Mountain Bike Coaching with A Single Track Mind (Video)

I recently worked with Dylan Renn, who started up his own Mountain Bike Coaching Business, A Single Track Mind, to put together a video about his work:

Lynn made a guest-star appearance, and picked up some great pointers along the way.

I was impressed with Dylan’s coaching style and really enjoyed putting this together. Go to www.asingletrackmind.com to find out more.

MTB in the PNW – An Oregon-Washington Road Trip

I’ve been a Sierra snob for a while now. And a California snob too. But Lynn has dutifully, gradually opened my eyes to the Pacific Northwest – a few quick family and friend trips to Seattle, Reardan and Bellingham, and an impromptu road trip to Bend in the middle of winter.

In July, we bit off a bigger chunk of the PNW, linking together Oakridge, Bellingham, Leavenworth, Reardan and Bend with a mountain bike theme over the course of a little more than a week. That’s a lot of miles, a lot of hours behind the wheel, but also a pretty incredible swath of country outside my usual roaming territory.

Seven-plus hours in my packed flying toaster (#toasterroadtrip) on the back roads of north-eastern California and Southern Oregon delivered us to Oakridge, a small, sleepy one-time logging town that’s been the topic of a lot of talk on the economic engine that is mountain bike tourism.

Sure enough, after setting up the tent and hammock in the lush green moss-veiled forest campground just up Salmon Creek from town, we found ourselves in the local brewpub (Brewers Union Local 180) among many other Northern Californians from the Bay Area, Nevada City and elsewhere.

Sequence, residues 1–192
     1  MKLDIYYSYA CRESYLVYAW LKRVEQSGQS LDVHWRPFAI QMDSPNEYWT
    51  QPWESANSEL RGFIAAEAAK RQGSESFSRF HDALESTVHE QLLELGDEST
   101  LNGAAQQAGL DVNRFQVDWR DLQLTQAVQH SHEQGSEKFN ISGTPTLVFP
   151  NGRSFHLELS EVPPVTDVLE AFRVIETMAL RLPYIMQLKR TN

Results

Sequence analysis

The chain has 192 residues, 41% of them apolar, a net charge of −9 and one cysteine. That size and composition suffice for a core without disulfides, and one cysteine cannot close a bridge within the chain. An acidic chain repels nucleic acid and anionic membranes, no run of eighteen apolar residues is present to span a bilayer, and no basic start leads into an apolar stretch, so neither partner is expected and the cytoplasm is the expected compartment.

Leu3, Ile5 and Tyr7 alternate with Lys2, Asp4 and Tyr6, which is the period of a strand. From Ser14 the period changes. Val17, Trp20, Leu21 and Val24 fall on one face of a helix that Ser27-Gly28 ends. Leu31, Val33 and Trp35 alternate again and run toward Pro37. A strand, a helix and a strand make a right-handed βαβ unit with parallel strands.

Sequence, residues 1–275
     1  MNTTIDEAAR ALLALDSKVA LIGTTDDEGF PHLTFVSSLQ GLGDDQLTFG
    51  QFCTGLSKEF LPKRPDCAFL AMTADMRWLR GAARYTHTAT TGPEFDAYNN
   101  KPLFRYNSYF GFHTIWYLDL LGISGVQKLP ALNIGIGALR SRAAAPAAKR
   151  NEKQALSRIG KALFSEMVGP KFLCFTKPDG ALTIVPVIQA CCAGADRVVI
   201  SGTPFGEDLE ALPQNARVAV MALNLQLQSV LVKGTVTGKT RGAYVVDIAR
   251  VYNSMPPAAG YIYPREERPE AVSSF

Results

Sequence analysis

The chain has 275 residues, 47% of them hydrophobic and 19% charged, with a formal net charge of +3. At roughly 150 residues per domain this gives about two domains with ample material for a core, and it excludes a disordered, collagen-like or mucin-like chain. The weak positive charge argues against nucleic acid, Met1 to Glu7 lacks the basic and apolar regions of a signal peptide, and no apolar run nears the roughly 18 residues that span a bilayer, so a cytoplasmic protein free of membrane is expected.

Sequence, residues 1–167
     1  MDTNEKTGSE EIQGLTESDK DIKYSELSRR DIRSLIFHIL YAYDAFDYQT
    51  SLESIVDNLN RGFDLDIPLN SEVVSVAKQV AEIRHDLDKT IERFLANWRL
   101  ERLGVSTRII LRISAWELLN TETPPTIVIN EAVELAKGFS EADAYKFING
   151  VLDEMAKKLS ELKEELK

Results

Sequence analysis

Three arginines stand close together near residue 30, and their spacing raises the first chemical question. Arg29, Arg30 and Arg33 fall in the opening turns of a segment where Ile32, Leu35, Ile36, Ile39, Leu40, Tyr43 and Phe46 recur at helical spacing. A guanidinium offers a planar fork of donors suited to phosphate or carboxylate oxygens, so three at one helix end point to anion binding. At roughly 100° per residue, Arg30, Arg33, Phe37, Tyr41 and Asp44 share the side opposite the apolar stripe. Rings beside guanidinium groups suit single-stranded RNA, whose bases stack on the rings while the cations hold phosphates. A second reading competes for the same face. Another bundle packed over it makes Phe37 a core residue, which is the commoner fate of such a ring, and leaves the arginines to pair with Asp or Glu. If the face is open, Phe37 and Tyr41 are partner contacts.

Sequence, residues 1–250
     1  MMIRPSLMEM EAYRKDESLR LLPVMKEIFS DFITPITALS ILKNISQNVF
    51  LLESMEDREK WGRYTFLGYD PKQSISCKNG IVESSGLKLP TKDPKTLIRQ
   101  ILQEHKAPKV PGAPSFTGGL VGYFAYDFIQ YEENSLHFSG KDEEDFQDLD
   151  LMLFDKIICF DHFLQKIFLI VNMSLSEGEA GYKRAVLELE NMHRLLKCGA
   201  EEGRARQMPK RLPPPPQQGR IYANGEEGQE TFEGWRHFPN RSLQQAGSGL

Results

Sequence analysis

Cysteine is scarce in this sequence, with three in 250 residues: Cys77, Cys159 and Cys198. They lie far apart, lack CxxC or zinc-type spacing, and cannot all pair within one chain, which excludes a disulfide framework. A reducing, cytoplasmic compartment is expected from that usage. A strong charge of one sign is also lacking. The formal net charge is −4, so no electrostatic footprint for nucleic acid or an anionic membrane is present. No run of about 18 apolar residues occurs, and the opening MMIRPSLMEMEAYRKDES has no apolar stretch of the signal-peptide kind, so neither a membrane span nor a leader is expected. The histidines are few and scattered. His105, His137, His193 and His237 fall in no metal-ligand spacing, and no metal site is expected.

Shuttle booked for the famed Alpine Trail, we hit the sleeping pad early in a mercifully quiet campground, and woke up early the next morning.

The Alpine Trail did not disappoint. The shuttle (Oregon Adventures) grunted and bounced us up a dirt road into the soil-soaking clouds – the driver stopping a couple times to explain trail crossings and intersections. Soft, black loamy dirt and a brisk first climb delivered us to a cool, foggy meadow with views to other wooded ridges decorated in wisps of mist.

Not a technical trail like, say, the Downieville Downhill, smooth, flowing singletrack with great berms and occasional steeps and tight switchbacks quickly had me counting this as one of my favorite rides. As we lost elevation, soil occasionally gave way to loose shale or dry dirt with a few sections of steep exposure off the side. And while the majority of the 14 miles were downhill, both Lynn and I were spent by the time we were done.

Another long drive through some Portland and Seattle area traffic landed us in Lynn’s college town of Bellingham, Washington. The last trip here in February sold Lynn on her Transition Smuggler, and she was eager to bring it back to its native habitat – Galbraith. This time our loop of SST was dryer and we were both a little quicker, but I did enjoy the tackier winter conditions of our first trip. Amazing trail building really keeps you on your toes – and while I love my Trance – I did kind of miss the Transition Patrol I demoed last time. Must resist.

The drive up Highway 2, over Stevens Pass, had this Sierra snob wide-eyed on our way to Leavenworth Washington, where we met up with Lynn’s parents and friends. One of her friends, Tommy, lead us on the Freund Trail. Starting off in quickly rising temperatures and a longer, steeper climb than we’d done in a while had me doubting, but once the trail turned downhill into an endless series of berms and whoops, I took it all back. Lynn said it was her favorite ride of the trip, and while it didn’t dethrone Alpine Trail for me, it was a blast.

On the Wenatchee River. #toasterroadtrip